Car racing and moonshine are as Southern as fried chicken and sweet tea, and one of the things the corporate suits who run NASCAR are eager to forget is how not just their sport of stock car racing, but their very own racing organization is based squarely on a foundation of moonshining and bootlegging. Just in case anyone does, Neal Thompson’s Driving With The Devil will serve as a reminder, every bit as bracing as a belt of sweet white lightning.
Driving With The Devil relates the story of how a mostly North Georgia- and Atlanta-based circle of moonshine running drivers and ace mechanics associated with Raymond Parks, a one-time moonshine baron turned legitimate businessman and stock car race team owner. In following the adventures of Parks and his associates, including NASCAR legend Red Byron, Thompson charts the development of stock car racing from a red Georgia clay dirt tracks to the birth of NASCAR under Bill France (a non-bootlegger driver and promoter from Florida), and into the 1950s consolidation of stock car racing under the NASCAR banner.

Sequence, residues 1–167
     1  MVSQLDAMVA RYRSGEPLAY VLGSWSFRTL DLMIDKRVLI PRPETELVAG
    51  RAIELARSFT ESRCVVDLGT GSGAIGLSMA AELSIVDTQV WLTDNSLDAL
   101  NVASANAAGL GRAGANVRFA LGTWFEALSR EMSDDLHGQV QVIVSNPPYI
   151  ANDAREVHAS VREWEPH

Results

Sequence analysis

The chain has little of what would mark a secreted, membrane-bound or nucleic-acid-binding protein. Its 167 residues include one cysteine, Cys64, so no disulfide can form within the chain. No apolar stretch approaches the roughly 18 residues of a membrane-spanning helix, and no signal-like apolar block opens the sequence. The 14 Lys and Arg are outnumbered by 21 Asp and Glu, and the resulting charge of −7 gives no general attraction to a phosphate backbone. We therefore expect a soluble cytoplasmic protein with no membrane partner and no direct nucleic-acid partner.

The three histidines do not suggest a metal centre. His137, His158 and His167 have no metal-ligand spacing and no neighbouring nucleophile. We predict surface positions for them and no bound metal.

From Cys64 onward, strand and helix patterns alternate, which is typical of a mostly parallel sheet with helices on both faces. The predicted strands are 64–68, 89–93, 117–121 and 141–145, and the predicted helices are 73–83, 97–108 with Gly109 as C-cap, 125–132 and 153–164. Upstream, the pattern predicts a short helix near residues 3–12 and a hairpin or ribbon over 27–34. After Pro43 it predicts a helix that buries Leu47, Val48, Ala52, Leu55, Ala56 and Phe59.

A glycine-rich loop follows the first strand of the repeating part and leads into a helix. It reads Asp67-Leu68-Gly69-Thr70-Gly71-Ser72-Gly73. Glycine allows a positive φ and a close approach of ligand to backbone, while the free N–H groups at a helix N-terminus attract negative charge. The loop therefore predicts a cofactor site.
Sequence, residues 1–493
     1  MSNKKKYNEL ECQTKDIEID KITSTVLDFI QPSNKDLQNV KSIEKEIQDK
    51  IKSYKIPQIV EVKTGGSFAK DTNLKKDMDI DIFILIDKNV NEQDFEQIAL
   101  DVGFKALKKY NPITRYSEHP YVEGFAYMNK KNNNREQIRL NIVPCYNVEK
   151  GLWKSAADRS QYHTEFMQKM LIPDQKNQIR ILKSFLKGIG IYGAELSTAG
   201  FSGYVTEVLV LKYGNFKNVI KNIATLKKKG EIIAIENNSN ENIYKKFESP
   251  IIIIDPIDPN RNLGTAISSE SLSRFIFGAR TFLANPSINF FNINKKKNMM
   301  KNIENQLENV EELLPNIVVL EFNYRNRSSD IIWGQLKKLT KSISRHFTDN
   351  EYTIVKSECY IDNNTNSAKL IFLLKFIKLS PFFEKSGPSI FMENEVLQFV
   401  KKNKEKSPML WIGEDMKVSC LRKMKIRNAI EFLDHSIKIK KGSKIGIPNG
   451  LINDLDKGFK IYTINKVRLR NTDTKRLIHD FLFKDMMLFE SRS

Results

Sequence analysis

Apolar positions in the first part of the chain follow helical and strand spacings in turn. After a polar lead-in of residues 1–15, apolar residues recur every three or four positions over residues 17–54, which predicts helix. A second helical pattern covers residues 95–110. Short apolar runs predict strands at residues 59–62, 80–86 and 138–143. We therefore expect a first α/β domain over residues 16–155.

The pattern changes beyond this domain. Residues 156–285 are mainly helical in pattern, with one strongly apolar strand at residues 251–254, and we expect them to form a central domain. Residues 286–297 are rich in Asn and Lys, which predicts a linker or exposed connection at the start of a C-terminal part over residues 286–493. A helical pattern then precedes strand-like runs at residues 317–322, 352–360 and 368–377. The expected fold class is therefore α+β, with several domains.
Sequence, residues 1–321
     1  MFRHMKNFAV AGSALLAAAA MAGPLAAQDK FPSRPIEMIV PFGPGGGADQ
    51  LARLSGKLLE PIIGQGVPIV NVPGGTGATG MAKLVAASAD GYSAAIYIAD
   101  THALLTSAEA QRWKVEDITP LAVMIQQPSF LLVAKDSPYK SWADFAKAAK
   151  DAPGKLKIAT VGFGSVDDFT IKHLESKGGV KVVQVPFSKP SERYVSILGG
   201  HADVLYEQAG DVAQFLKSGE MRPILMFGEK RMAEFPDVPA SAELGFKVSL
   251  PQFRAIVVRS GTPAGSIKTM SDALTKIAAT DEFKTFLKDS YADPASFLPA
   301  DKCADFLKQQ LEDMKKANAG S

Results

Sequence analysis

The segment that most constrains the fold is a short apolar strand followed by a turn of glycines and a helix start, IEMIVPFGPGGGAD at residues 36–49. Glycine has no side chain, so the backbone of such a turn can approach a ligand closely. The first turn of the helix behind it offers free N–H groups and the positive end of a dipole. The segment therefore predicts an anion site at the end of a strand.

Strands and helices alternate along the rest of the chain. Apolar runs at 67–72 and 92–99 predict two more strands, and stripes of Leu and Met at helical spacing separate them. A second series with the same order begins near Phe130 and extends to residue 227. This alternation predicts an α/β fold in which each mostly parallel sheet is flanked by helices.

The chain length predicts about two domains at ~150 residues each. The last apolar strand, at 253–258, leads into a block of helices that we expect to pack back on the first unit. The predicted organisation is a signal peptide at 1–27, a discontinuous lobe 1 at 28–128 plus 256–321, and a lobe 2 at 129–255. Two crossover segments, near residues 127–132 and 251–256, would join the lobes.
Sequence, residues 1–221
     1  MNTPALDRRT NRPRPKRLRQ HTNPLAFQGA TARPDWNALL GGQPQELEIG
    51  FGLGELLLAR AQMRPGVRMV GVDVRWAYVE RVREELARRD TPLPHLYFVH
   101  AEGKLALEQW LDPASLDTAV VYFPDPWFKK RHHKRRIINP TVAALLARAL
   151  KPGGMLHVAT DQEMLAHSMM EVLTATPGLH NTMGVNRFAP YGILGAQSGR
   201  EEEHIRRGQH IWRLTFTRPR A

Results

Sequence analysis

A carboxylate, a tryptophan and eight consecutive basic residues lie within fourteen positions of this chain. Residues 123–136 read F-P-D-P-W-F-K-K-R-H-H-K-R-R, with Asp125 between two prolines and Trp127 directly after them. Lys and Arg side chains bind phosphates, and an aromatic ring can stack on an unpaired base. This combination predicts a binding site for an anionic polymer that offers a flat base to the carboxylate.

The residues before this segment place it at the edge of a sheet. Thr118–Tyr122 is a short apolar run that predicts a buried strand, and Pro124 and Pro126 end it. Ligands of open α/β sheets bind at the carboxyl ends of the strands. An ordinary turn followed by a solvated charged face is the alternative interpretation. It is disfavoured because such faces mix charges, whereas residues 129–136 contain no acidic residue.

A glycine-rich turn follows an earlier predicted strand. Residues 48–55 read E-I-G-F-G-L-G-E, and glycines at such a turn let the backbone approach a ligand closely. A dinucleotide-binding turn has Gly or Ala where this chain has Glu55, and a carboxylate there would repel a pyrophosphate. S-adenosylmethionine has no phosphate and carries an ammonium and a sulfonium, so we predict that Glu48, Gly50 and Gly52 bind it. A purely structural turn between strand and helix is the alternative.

In so doing, Thompson spins a story that is about more than just moonshine and driving hot cars. By weaving in threads such as the South’s Scotch-Irish cultural roots, the Depression and the Second World War, and the life of Henry Ford, whose cars were so popular with bootleggers and therefore with early stock car drivers as well, the book is really taking a snapshot of a broad facet of American life in the first half of the 20th Century.
The version I worked with was the audio book, narrated by race historian Buz McKim. If anything, McKim’s telling of Driving With The Devil enhances this tale of bootlegging and NASCAR. McKim’s modestly folksy style is engaging and meshes wonderfully with the subject matter. The sole drawback of the audio version is that listening to the tight descriptions of the race sequences while driving, which is what many do with audio books, might prompt some to get a little carried away with the gas pedal or taking corners. I know I did.
Readers interested in learning more about moonshining and bootlegging in pre-war North Georgia will be drawn to Driving With The Devil for the first third of the book, but I think the real audience for Thompson’s book (and its McKim’s audio version) are in two groups: those with an abiding love of Southern culture, and diehard racing fans. For those people, this is a must-listen.